Dunn says companies like his are “dealing with immense complexities … with things that are incomprehensible.” They have to figure out which formations 2 miles under the earth are most likely to yield rewards, and their knowledge is limited to the measurements they take through a 5-inch hole that descends 2 miles. Because of that research, U.S. oil production from 2009 to 2015 grew by 4 million barrels per day, with 60 percent of that coming from Texas, which now accounts for almost two-fifths of U.S. oil production and one-fourth of domestic natural gas output.

Outside of Midland, drilling rigs tower over scrubby ­mesquite trees, cacti, and prairie grasses, with no buildings in sight. Pump jacks like praying mantises bend and rise. The beauty of being in an unbeautiful place: Few people are around to object to noisy construction and 30 to 40 trucks lumbering down the road.

Fracking and other developments have now made the cost of a gallon of gas closer to $2 than to $4. Some risk is inevitable, but energy men and women explain energetically that fracking goes on far below water tables, that they take great precautions to avoid those dangers, and that their record ­suggests the greatest fear we should have is overreacting to fear itself. Our Q&A with Tim Dunn on page 24 ­provides more information.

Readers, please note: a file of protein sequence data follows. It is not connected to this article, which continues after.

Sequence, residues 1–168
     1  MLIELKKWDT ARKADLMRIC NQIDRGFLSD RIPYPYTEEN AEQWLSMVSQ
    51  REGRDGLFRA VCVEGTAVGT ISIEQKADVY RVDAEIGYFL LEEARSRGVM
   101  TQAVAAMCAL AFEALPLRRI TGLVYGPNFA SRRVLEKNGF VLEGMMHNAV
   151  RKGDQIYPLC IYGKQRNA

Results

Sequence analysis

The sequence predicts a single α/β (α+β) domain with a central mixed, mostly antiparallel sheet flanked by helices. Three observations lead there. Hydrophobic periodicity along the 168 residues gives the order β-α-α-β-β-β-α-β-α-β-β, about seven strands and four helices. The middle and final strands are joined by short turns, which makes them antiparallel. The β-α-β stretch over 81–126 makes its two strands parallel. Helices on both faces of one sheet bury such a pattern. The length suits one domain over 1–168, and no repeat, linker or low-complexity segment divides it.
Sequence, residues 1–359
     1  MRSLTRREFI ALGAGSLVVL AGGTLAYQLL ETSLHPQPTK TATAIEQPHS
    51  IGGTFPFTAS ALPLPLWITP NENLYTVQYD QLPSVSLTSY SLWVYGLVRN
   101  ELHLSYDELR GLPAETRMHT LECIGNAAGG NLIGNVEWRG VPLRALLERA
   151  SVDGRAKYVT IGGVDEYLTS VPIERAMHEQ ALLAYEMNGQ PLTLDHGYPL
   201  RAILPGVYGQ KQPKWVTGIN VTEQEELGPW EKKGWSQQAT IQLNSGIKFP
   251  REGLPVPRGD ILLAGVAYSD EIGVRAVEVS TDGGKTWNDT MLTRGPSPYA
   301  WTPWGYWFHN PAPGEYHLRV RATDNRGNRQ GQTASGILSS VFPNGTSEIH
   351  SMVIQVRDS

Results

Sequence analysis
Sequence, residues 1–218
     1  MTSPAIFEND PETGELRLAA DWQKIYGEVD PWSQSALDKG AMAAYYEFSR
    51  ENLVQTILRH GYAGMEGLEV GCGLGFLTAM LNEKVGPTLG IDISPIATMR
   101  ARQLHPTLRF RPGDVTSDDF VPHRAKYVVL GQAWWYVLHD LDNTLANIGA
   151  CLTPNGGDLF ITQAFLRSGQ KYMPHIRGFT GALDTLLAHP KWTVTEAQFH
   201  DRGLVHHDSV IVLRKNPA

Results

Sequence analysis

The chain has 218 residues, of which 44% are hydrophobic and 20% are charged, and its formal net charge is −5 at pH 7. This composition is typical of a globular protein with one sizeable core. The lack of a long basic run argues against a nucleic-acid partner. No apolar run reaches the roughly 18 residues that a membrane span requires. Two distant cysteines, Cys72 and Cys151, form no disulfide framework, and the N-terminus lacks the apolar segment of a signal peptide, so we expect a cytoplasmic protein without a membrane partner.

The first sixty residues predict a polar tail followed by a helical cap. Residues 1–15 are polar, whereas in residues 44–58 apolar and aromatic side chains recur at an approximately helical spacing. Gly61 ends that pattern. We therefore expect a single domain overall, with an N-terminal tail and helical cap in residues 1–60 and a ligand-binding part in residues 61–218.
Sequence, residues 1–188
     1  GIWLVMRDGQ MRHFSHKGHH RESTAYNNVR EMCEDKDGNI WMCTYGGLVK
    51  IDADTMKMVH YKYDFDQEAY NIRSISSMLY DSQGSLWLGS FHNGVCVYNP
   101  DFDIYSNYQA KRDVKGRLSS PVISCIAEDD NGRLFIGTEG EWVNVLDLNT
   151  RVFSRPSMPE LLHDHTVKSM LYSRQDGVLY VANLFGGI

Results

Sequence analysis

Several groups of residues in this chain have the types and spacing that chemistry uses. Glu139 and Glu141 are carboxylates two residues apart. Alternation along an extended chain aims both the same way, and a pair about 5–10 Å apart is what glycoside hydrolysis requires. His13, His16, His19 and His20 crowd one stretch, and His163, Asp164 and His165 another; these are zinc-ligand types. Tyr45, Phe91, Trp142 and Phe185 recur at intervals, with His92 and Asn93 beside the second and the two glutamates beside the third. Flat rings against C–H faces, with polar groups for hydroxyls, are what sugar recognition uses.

FIFTEEN YEARS AGO at this time of year America was recovering from the 9/11 terrorist attack, and our cover story told of a Norman Rockwell exhibit. This year, thankfully, the United States has not suffered a terrorist attack as deadly as 9/11, but we have had the most difficult presidential election ­season since the 1860 campaign led to civil war. This Thanksgiving might begin a time to bind up the nation’s wounds and to be thankful for the bounty God has given us, and those who harvest it.

Providers and consumers should be partners, not enemies, and the place for appreciation to begin is with Chapter 3 of Genesis, where God tells Adam, “cursed is the ground because of you … thorns and thistles it shall bring forth for you. … By the sweat of your face you shall eat bread.” We often have a sub-Biblical theology of work that doesn’t recognize thorns and how hard it is to grow food (and extract energy). We may imagine that returning central California to its 19th-century condition would leave us with a garden, but that’s not right: It would be a desert.

Ted Bloemhof in California sums it up well: “Farmers are doing more and more and more with less and less. … You don’t notice it because you just go to the store and grab it off the shelf.” Or, fill up the tank to go over the river and through the woods to grandmother’s house.

Susan Olasky

Susan is a book reviewer, story coach, feature writer, and editor for WORLD. She has authored eight historical novels for children and teaches twice a year at World Journalism Institute. Susan resides with her husband, Marvin, in Austin, Texas.


Marvin Olasky

Marvin is the former editor in chief of WORLD, having retired in January 2022, and former dean of World Journalism Institute. He joined WORLD in 1992 and has been a university professor and provost. He has written more than 20 books, including Reforming Journalism.